Life as a Syrian

You wake up in the morning and the first thing you do is check your Facebook. You just want to make sure that there are no bad news. Of course you’re going to read about some but what you really care about is your family and friends. After that, you go back to your daily routine. You act like you are a normal person and that you are strong but inside you are just trying to avoid thinking about Syria.

One day you get a phone call from Syria; your grandpa has passed away and you can’t do anything about it. Another day you wake up to see your sister crying; two of your friends were shot dead along with another guy and girl. You feel numb and helpless. How could a country that was so beautiful and filled with warm and loving people become so cruel and cold. You remember the faces of your friends. One of them you grew up with and used to see everyday.

You try to do anything that distracts you from thinking. You are always afraid that there will be a moment when you will give up and say that nothing matters now after I have lost my country but then you go back to reality and say if the people inside can stand it then that’s the least I should do.

Of course the worst part of the day is at night when you lay in your bed and start remembering all the old memories. You never know how you are here now or why.  You once lived their and those people who are dying everyday were the same ones that you grew up with.

You go back to Facebook and you see that there were not many martyrs today; just 30. You feel thankful then you pause for a while. You feel ashamed that death is such a normal thing to you. You ask yourself how could you be a normal person when you don’t value the life of every human. You compare your way of thinking and priorities in your life before the war and after it and you figure out that the last 3 years have changed you. Something died in you; something that could never be retrieved again. You go back to hope; hope that one day you will go back, one day your children will know Syria, one day you will replace all the destruction with beautiful buildings and one day the Syrian people will stand back together to help Syria stand again. After all, hope is all you have left.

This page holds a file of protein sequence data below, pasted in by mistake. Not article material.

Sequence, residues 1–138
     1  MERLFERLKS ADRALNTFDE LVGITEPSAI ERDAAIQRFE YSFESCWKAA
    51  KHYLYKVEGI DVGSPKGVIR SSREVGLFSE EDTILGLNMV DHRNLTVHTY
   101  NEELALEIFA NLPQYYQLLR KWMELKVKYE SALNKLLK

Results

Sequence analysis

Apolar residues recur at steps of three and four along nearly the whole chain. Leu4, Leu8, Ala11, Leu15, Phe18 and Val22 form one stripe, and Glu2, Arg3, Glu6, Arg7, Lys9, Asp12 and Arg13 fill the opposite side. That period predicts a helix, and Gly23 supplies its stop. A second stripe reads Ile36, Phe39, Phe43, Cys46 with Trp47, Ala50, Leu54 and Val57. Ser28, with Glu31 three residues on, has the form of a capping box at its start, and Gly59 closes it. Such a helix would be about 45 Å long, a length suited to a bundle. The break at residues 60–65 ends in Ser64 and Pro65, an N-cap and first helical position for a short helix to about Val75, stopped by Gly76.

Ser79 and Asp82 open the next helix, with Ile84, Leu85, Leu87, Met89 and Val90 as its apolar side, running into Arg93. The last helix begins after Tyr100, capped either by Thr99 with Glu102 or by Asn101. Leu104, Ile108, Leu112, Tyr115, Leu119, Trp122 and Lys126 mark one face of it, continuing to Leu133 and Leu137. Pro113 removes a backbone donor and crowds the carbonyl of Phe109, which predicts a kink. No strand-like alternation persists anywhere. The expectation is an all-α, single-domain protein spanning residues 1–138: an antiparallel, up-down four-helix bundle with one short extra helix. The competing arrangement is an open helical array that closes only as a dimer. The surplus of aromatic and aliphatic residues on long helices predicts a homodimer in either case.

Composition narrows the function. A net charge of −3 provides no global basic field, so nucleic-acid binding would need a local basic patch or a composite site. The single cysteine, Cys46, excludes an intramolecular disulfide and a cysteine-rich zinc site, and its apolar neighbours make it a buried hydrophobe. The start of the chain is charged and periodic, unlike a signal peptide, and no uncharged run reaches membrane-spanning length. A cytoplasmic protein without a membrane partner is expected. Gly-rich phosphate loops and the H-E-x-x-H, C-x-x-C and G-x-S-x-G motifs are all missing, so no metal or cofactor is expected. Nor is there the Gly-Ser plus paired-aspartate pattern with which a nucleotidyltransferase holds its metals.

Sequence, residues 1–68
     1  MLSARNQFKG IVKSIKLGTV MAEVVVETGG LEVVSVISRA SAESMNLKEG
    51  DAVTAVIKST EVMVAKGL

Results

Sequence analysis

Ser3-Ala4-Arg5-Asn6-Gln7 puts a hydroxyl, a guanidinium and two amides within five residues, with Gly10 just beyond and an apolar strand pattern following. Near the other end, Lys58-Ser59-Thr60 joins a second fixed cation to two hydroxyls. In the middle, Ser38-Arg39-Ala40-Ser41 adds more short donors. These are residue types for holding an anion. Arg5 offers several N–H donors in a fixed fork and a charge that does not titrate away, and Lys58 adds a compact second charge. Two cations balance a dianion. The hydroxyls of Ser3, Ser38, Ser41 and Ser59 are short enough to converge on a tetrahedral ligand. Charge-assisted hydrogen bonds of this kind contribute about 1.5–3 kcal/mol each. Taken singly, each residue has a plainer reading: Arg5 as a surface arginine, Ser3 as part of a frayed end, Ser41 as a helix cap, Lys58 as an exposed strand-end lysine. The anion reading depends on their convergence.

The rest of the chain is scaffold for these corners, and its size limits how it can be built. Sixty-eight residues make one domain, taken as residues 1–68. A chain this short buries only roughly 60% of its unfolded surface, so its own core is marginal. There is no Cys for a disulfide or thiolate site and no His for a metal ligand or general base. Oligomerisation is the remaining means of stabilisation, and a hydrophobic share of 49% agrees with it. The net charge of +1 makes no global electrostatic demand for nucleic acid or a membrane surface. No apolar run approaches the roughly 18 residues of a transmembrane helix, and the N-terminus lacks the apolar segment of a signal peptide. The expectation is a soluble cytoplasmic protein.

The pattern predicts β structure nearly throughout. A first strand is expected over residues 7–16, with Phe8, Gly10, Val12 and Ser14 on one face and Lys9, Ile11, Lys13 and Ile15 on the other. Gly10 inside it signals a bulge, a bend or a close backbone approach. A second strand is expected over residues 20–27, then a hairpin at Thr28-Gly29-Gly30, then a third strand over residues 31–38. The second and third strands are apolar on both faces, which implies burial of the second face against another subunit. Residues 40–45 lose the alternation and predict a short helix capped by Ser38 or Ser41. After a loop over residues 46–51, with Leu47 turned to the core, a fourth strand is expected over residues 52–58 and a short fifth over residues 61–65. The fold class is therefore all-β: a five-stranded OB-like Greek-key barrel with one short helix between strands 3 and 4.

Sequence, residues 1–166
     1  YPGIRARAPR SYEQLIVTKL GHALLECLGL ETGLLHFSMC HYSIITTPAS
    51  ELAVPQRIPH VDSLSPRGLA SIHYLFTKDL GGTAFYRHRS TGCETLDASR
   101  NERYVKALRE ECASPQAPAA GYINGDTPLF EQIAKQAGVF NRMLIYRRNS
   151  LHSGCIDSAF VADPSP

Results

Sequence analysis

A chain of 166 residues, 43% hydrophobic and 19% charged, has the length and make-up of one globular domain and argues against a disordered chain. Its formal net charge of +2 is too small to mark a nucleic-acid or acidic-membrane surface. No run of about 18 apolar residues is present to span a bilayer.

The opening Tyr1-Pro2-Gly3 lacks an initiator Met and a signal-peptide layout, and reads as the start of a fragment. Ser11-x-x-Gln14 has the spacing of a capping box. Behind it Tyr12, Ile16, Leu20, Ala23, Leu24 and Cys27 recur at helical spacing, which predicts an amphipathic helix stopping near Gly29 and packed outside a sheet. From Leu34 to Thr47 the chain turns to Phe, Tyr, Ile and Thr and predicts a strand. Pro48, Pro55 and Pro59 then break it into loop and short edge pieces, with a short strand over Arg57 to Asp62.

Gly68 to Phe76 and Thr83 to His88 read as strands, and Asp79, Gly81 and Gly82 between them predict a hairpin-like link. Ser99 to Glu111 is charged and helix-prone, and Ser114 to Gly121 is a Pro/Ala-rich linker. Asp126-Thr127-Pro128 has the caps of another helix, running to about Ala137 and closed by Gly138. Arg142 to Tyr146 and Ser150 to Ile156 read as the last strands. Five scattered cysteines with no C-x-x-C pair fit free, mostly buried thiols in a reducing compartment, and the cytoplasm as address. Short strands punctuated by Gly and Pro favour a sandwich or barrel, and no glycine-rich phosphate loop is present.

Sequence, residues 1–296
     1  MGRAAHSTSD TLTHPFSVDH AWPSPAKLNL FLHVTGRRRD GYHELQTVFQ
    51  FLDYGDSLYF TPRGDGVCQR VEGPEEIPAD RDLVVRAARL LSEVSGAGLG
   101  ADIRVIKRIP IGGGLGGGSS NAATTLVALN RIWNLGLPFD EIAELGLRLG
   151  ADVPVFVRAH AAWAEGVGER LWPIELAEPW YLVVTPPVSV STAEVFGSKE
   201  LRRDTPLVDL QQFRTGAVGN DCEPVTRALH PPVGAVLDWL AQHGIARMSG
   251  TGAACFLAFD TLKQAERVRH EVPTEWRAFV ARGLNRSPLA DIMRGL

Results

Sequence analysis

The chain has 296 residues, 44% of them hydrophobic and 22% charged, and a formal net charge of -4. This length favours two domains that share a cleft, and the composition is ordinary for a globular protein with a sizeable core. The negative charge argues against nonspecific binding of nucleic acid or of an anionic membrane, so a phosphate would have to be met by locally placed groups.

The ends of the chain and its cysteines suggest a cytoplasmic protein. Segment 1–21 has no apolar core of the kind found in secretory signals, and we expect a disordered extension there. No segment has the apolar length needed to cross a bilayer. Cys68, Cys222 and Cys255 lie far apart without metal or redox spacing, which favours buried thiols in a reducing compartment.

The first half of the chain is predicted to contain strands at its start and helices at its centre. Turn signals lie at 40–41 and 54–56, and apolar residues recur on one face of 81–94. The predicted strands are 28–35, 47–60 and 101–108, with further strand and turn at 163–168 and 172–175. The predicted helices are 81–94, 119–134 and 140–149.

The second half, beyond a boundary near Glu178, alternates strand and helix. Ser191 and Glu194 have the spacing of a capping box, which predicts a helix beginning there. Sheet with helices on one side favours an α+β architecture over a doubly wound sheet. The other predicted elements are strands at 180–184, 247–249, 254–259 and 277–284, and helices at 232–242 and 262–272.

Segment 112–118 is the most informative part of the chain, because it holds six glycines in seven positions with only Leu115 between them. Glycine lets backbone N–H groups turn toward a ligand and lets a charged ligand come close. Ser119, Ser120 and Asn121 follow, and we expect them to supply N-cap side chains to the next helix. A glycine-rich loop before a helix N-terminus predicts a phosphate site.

One Comment Add yours

  1. Najla Drooby says:

    Hang in there Zeina.! You and your fellow students are doing what is best for you, your families and country now under the circumstances. I, too went through this when the war broke out in Lebanon in 1975 but luckily for me, I was with my immediate family. I went back to Lebanon the day I graduated to rebuild it with my friends but quickly found out that it was too early and had to leave again. My friends who had stayed behind through the first 3 years of war just wanted to get out and study. Eventually many of us went back home and some like me decided to stay in the States for good. In 2010, I got the chance to go to Damascus and share my knowledge and expertise with Syrians. I reconnected with my family from Homs and while I had to leave the area because of yet another war, I was glad I spent 3 years in my country of origin and helped young Syrians grow professionally. Hopefully, your turn will come soon to rebuild Syria and in the meantime, make the best of every day you spend here in the US at this great university. Feel free to write back and come by to DC to visit. You and your friends are welcome any time.

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